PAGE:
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Viewpoints: Reflect on the sacrifice of our country’s heroes

By Gavin MacFadyen


As the country pauses to mark Memorial Day, it is important to remind ourselves what the annual observance means. To some, it has primarily become a day marking the entrance into summer – a long weekend of family and fun. It must never be forgotten that Memorial Day exists for the most solemn of reasons – a chance to reflect on the sacrifice of those who have fallen in service to the United States of America.

It was originally called Decoration Day, taken from the annual adorning of Civil War graves in the 1860s. It is worth remarking that the first name – “Decoration” – imposes a duty to engage in an overt activity and, in so doing, make a public acknowledgment of the sacrifice and short life of an unfortunate soldier.

The names of battles that resonate throughout our history fall from our lips with an ease that belies the unimaginable task undertaken by those who found themselves in the middle of a human horror – Gettysburg, Antietam, Normandy, Khe Sanh – the list goes on and on.

It is unacceptable that future generations ever reach the stage where these names exist only as words in a history text – read once and forgotten.

We strive to find lasting ways to immortalize the gift of freedom, security and a way of life that came at the highest price. Every village, town or city has somewhere in it a memorial in granite or stone dedicated to those to whom we owe so much.

On a larger scale are built lasting monuments such as the Tomb of the Unknown Soldier or the World War II and Vietnam memorials. Fittingly, they are located in Washington, D.C., mere steps from the other permanent tributes to those few individuals who, alone and together, are most responsible for the very existence of the country itself.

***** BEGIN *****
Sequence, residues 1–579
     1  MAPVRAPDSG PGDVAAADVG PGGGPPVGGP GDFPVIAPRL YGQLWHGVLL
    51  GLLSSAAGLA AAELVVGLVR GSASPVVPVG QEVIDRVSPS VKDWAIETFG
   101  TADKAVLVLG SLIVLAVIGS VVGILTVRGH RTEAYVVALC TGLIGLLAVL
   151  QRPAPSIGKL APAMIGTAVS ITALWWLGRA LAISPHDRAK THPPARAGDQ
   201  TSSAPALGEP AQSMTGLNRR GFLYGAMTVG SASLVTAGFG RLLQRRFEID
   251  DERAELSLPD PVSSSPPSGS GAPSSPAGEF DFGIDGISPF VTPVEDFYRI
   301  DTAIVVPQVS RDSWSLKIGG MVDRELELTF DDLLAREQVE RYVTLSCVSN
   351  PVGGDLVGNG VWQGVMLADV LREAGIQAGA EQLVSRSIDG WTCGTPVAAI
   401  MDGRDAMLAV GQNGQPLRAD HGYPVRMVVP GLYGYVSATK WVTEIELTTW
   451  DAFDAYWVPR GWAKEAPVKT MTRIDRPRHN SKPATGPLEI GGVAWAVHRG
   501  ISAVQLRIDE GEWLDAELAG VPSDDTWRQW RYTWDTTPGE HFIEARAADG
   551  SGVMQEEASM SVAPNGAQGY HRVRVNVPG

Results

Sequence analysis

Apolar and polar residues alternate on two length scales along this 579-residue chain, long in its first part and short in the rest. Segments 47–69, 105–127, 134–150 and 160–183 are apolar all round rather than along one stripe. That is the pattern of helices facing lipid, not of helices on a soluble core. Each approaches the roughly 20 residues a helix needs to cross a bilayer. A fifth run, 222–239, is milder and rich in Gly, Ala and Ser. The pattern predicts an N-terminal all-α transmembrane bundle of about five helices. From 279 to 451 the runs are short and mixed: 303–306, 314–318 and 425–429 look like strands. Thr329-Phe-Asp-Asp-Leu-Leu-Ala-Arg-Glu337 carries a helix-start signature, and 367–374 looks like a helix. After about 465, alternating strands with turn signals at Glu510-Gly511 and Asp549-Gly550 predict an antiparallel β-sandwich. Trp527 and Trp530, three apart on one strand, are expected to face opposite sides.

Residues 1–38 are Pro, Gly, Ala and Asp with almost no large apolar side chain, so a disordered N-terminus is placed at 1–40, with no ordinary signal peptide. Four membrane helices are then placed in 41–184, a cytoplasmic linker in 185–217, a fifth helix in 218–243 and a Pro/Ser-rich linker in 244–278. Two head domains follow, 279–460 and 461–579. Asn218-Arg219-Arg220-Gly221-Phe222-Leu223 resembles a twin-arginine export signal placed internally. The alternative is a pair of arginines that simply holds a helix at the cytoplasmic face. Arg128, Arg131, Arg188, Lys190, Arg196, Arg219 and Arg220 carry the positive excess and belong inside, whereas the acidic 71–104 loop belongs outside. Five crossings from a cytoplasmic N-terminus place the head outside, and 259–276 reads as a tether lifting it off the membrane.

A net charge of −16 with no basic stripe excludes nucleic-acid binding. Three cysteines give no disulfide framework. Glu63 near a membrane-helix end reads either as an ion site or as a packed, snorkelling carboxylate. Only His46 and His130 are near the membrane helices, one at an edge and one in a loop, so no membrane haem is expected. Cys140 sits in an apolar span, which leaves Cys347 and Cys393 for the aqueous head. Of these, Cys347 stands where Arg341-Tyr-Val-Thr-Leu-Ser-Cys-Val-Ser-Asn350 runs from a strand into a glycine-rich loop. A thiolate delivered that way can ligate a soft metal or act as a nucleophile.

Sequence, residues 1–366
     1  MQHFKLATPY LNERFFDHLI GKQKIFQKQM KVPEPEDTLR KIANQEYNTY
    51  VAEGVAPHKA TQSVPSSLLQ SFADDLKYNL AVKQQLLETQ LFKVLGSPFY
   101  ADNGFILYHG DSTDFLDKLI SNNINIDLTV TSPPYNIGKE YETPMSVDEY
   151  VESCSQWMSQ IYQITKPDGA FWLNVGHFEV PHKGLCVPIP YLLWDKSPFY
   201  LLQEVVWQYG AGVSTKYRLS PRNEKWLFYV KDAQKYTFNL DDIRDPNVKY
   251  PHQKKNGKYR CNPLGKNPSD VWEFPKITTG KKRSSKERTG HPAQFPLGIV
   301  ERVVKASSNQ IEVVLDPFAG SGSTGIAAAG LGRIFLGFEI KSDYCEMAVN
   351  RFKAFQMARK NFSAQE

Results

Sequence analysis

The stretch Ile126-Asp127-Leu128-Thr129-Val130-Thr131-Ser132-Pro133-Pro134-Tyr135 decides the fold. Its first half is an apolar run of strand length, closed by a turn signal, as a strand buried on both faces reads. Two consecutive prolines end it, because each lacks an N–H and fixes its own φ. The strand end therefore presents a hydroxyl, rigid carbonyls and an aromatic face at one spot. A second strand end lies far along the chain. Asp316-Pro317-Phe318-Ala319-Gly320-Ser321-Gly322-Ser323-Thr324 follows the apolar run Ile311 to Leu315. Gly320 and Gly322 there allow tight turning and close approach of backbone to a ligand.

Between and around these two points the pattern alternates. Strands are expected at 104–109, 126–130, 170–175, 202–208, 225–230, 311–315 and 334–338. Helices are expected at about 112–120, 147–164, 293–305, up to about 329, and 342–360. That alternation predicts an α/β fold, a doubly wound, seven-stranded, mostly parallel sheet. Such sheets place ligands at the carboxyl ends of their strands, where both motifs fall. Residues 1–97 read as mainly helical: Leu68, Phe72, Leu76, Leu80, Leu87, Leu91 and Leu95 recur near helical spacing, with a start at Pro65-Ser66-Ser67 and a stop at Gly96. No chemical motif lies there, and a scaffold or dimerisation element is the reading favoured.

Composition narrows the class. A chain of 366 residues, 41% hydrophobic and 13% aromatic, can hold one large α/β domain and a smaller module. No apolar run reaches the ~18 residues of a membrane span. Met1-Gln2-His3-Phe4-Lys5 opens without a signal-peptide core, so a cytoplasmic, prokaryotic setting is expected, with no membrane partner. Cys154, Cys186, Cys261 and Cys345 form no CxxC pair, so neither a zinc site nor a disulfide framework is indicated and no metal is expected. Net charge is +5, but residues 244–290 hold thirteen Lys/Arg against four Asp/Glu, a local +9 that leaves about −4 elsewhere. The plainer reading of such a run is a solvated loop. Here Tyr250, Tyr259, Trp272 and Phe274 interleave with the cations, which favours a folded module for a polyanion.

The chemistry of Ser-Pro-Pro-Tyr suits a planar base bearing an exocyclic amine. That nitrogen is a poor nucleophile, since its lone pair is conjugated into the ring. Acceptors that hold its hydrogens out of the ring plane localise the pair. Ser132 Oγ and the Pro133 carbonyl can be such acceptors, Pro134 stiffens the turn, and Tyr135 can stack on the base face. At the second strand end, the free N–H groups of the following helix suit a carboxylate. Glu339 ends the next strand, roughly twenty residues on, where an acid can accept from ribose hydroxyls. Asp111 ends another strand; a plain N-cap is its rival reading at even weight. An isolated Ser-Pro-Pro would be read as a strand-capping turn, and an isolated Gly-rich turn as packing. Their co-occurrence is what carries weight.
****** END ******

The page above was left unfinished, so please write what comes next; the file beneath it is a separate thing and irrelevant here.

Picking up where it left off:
But the soldier often remains anonymous. That is one reason the listing of the dead by name on the Vietnam Veterans Memorial Wall is such a powerful visual testament to – not only the fallen – but the nation’s torment over that conflict. Inevitably, war becomes a matter of debate among those in whose name it is waged.

The luxury of debate and dissent seems an indulgence when undertaken from the safety of our living rooms, political chambers or coffee shops when compared with the immediate peril faced by those on the battlefield – individuals whose own love of liberty was so great that it could not be fulfilled absent a conscious and, yes, compassionate decision to defend – on our behalf – that which they cared for so deeply.

None of them set out to be heroes. They were the sons and daughters, husbands and wives, fathers and mothers common to every community, large and small, across this great land. But their sense of duty, and the quiet honor with which they undertook it, was decidedly uncommon.

It is the fact of their ordinariness, of the everyday qualities recognizable in all of us, that made their journey all the more incredible. The courage to storm the beach at Normandy, to walk into a jungle in Southeast Asia, to patrol a dusty street in Baghdad is almost beyond comprehension for its depth and unassailability.

They left behind artifacts that speak across generations – a musket ball, a weathered journal, a cap, a boot, a uniform or a pin. For many, this is their only contact with a soldier – found in a museum or family keepsakes. Simple things, yes, but endowed with meaning because those who carried them did so in the prime of their lives so that all of us could march toward a future that they themselves would not enjoy.

We live in a cynical age that ridicules sentiment. This is a day to set cynicism aside and drape ourselves in the peace of a patriotic feeling not needing any further adornment.

Yes, war diminishes us all as a human family. But we have also been lifted high on the shoulders of the young and the brave, incurring a debt that can never be repaid but must forever be acknowledged – with grace, gratitude, humility and more thanks than mere words could ever express.

Gavin MacFadyen is a writer and an attorney living in Jamestown.

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